‘The cancer had spread like paint splatters all over my abdomen – most women don’t live past eight years so statistically I have a maximum of six years left.’

Jasmine receiving intravenous treatment for her cancer in hospital. She said she was focusing on a healthy lifestyle to get better 

Jasmine in hospital. She was offered chemotherapy to try and suppress the cancer for as long as possible but refused and decided to pursue natural treatments since her type of cancer is resistant to chemotherapy.

All of Jasmine’s medication and supplements. She is undergoing private and self-funded hormone therapy at the Care Oncology Clinic in London, which looks at cancer from a metabolic approach

Jasmine in hospital. The survivor said it was ‘traumatising’ to hear she wouldn’t ever be able to have kids aged 17 

Jasmine’s surgery scars. The vegan fighter says she hopes her healthy lifestyle and hormone therapy will help get rid of her cancer within the year 

Not willing to accept this prognosis, Jasmine has committed to her journey of holistic healing and hopes to beat the cancer within the next year.

What is low-grade serous carcinoma?

Low-grade serous carcinoma is a rare form of ovarian cancer. 

High grade serous carcinoma is the most common and most aggressive form of ovarian cancer.

70 per cent of ovarian cancer cases are high grade cases.   

In comparison, low-grade serous ovarian carcinoma is rarer, and develops less aggressively. 

It is difficult to treat because this form of cancer is less sensitive to chemotherapy. 

The life expectancy of someone living with LGSOC is longer than someone suffering from the high grade pathology.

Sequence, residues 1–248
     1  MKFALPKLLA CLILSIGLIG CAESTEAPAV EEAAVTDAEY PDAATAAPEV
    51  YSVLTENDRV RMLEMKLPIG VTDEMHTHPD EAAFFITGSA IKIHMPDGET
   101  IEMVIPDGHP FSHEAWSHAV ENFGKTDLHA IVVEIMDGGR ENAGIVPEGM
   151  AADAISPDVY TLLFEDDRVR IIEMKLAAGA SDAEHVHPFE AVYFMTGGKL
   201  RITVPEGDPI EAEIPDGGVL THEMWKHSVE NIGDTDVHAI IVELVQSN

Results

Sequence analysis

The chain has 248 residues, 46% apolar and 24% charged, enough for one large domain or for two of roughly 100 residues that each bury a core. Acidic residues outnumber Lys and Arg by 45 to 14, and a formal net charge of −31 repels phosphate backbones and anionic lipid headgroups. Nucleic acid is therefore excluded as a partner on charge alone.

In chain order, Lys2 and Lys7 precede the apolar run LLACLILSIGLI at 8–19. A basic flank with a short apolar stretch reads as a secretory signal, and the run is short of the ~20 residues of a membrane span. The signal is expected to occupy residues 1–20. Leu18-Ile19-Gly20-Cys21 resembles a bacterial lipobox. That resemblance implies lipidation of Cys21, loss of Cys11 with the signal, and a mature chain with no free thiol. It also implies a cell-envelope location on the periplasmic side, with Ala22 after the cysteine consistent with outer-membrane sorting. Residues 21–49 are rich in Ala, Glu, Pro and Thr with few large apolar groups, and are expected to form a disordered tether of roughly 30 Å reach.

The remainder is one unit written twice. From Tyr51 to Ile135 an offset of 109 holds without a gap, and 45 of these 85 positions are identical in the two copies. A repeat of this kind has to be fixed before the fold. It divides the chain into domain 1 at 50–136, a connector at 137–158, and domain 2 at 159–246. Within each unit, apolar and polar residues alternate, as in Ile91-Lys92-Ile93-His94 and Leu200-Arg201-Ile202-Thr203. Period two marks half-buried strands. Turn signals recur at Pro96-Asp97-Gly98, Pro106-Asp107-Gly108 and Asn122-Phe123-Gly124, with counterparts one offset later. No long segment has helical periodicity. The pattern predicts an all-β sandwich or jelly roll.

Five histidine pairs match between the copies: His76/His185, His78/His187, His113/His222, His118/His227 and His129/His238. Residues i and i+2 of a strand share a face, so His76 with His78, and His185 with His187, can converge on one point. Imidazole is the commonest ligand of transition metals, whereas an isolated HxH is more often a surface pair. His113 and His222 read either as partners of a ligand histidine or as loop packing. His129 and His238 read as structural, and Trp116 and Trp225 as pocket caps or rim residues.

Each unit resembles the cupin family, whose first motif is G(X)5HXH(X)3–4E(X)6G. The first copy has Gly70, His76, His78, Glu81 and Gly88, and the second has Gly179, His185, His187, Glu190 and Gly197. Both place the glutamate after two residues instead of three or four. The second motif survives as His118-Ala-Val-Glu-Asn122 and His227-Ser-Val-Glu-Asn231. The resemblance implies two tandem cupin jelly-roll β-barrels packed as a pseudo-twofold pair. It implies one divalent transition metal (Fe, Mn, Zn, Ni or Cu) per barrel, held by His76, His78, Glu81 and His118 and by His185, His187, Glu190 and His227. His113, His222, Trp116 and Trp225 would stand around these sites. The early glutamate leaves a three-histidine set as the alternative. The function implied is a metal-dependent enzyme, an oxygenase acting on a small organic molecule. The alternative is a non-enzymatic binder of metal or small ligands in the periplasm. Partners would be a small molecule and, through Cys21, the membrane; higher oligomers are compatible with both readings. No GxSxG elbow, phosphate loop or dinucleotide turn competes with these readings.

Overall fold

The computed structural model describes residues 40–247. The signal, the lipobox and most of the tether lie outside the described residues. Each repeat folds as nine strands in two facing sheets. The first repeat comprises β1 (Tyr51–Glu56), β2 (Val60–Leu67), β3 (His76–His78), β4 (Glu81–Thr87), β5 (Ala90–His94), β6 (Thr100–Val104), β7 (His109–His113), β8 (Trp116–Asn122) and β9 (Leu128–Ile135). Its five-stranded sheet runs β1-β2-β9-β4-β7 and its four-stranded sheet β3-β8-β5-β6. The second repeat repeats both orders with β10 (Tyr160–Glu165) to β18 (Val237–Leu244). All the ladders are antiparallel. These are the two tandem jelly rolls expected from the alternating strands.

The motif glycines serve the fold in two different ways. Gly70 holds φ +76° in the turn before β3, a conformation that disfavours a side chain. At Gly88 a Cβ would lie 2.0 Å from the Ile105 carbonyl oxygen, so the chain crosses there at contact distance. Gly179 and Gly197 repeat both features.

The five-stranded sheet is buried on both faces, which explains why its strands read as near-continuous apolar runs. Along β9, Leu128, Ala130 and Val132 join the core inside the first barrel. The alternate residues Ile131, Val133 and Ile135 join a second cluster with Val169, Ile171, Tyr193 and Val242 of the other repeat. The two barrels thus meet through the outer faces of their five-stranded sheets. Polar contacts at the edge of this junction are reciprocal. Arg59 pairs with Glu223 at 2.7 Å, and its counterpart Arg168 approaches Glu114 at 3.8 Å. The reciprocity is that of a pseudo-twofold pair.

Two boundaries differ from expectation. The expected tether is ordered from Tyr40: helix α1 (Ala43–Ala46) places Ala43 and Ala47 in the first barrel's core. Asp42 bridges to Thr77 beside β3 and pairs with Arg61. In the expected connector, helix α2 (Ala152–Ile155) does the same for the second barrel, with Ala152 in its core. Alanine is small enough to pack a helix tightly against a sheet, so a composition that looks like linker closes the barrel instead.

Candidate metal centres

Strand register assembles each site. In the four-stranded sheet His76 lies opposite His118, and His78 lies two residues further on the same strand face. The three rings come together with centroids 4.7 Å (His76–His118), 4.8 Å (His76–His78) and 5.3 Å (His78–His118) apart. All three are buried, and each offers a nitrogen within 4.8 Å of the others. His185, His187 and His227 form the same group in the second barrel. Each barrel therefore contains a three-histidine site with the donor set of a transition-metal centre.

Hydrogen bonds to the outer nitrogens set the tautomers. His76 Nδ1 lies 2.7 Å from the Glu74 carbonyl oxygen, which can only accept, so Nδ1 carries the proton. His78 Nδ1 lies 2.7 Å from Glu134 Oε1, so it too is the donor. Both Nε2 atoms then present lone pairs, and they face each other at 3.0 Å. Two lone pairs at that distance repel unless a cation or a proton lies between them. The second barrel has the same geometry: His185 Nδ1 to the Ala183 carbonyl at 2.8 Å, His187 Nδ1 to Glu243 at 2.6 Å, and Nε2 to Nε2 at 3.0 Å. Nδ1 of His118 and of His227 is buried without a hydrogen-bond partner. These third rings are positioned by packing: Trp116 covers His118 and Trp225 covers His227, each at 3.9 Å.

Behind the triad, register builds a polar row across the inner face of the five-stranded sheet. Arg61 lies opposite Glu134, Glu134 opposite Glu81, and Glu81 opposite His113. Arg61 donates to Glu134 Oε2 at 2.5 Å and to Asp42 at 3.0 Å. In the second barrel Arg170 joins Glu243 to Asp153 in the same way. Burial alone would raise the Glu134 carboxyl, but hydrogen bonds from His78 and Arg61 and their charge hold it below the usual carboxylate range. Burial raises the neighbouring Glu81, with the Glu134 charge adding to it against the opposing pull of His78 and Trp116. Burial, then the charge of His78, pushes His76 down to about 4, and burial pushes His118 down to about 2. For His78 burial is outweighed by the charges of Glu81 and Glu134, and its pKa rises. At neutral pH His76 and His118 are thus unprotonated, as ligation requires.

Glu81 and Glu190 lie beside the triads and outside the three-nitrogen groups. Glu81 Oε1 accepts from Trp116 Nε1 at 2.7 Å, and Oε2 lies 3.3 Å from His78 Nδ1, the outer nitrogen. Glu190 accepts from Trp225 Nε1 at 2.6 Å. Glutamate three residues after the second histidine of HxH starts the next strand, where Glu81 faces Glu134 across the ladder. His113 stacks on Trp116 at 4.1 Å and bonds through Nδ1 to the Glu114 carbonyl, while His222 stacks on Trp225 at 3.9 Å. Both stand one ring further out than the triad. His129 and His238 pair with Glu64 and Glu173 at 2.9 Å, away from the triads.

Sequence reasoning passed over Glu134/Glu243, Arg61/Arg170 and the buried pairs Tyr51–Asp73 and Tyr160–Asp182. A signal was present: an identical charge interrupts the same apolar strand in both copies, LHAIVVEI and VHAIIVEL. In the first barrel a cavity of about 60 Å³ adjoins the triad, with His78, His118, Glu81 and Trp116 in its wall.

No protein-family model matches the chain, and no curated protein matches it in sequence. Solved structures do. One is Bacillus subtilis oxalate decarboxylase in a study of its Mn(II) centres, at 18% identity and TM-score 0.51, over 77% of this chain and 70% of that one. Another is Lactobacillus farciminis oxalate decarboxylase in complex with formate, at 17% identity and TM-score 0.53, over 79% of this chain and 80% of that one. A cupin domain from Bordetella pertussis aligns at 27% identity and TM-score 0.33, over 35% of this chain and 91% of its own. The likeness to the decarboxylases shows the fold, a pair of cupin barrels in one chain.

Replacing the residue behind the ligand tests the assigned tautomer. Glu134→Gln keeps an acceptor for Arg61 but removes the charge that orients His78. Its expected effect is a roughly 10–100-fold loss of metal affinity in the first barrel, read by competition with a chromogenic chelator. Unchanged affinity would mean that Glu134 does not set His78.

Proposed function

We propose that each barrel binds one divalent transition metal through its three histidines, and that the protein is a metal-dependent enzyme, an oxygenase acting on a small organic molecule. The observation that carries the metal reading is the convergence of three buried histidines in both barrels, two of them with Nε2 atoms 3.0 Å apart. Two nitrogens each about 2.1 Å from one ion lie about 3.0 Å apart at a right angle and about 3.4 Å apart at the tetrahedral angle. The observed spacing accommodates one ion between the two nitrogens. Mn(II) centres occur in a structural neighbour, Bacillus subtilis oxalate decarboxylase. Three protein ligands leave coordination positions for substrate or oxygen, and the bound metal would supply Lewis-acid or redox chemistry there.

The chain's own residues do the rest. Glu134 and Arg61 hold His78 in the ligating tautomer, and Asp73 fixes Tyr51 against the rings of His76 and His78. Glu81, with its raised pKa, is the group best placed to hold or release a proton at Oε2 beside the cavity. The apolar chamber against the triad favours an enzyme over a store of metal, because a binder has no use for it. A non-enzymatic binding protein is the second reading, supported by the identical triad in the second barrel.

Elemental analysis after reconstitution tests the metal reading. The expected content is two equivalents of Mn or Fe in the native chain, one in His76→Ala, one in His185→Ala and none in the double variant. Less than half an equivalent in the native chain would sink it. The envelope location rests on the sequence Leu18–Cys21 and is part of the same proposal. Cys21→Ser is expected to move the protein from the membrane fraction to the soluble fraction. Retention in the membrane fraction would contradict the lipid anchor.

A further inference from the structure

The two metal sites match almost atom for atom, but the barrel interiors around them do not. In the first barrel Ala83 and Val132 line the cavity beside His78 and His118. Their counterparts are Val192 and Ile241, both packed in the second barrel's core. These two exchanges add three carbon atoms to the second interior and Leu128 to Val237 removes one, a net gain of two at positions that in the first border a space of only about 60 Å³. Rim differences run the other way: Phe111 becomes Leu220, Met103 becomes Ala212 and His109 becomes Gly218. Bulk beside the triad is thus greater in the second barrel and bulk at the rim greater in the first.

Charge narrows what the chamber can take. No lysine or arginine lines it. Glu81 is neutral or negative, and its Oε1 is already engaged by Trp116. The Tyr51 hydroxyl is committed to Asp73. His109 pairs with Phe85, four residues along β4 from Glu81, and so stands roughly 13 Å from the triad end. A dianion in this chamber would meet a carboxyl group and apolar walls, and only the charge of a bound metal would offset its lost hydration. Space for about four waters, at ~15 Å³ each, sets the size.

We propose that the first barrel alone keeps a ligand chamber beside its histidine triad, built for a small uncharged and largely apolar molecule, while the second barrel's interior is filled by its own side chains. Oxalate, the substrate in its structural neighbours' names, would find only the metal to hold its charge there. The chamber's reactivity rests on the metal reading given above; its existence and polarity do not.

This cancer type was only discovered recently and as such, not a  lot is known about it. 

Source: ovcare 

She was offered chemotherapy to try and suppress the cancer for as long as possible, but refused and decided to pursue natural treatments since her type of cancer is resistant to chemotherapy.

Jasmine focuses on a healthy lifestyle including a plant-based diet, exercise, supplements, spiritual work and cannabis oils to soothe her pain and nausea.

She is also undergoing private and self-funded hormone therapy at the Care Oncology Clinic in London, which looks at cancer from a metabolic approach.

Jasmine said: ‘The drugs from the clinic are expensive but it’s worth it based on the progress I’ve seen so far.

‘There needs to be more options like this and more research into this type of ovarian cancer in the UK.

‘I’m an ambassador for the New Zealand charity Cure Our Ovarian Cancer which funds life-saving research and we’ve lost six ambassadors last year alone because of how severe the cancer is.’

To help fund Jasmine’s treatment visit: Crowdfunding to Support Jasmine’s Incurable, Inoperable, rare stage 3 Ovarian Cancer. Treatment Fund on JustGiving